Adviser to E.U. Court Recommends Against Dublin Returns
An adviser to the E.U. Court of Justice said Austria and Slovenia should not send asylum seekers back to the European country they first entered in 2015.
Nearly 1 million people arrived in Europe that year. Under the E.U.’s Dublin Regulation, most asylum seekers should return to the first E.U. country they entered in order to process their asylum claim there.
But the Court of Justice’s advocate general said the large number of arrivals and lack of clear guidance meant countries on the frontier of Europe would likely be unable to cope.
“In the advocate general’s view, the regulation was simply not designed to cover such exceptional circumstances,” a statement from the court read.
The court, which usually follows the advocate general’s advice, is considering the case of a Syrian man seeking asylum in Slovenia and an Afghan family who applied for asylum in Austria, both of whom were slated for return to Croatia, where they first entered Europe.
UNHCR ‘Concerned’ by Reports of Greek Pushbacks to Turkey
The U.N. refugee agency expressed concern about reports by a local rights group that Greece has forced Turkish asylum seekers back to the country.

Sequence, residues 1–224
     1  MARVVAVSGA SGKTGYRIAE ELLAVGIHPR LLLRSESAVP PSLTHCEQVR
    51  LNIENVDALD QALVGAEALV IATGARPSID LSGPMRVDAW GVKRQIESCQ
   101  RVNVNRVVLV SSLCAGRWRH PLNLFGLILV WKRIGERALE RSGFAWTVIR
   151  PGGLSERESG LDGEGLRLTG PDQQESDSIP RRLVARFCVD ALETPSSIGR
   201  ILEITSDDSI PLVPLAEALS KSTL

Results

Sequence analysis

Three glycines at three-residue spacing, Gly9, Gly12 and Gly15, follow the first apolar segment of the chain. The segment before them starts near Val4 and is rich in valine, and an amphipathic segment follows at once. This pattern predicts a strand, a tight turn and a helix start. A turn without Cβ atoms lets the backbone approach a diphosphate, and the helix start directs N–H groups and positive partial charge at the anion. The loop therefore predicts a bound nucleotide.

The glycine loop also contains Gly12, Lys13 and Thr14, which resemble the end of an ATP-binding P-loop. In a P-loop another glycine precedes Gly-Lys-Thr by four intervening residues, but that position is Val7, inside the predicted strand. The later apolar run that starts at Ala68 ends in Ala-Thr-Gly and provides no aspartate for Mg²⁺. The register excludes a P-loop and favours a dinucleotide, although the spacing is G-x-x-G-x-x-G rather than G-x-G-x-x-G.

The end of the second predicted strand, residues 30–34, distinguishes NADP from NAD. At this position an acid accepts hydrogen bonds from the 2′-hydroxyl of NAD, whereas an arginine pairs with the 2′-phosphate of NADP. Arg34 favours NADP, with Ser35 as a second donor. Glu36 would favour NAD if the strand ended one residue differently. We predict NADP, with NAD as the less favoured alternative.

The Hellenic League for Human Rights said at least nine people were forced back over the border, including a family with four children who were delivered to masked gunman. At least one man returned to Turkey is already in prison, according to the group, which said it would pursue a legal case.
“Such allegations of informal forced return have been recorded before, and it is of vital importance that the Greek authorities investigate them thoroughly,” said the UNHCR representative in Greece, Philippe Leclerc. “If confirmed, this is extremely worrying. The right to seek and enjoy asylum is a fundamental human right.”
The Greek government denied that any pushbacks had taken place.
ICRC Warns of Health Risks for 240,000 Displaced in Philippines
Some 240,000 people have been displaced by fighting in the Philippine city of Marawi, and aid workers are warning they face deadly health risks.
Islamist militants stormed the city two weeks ago and remain in control of around 10 percent of the area, Agence France-Presse reported.
Around 90 percent of those who fled are now sheltering with friends or relatives, the government says.
Emmalyn Macababayao, 37, told the news agency that her one-year-old son died after the family spent six days in torrential rain fleeing Marawi, after which he fell ill and was unable to get medical treatment.
The International Committee of the Red Cross warned that the rainy season could worsen an already-observed uptick in diarrhea and respiratory illnesses.
“The health situation is not yet critical at this point, but we fear that this may worsen in the coming days with prolonged displacement,” said Jose Amigo, ICRC’s health coordinator in the Philippines.
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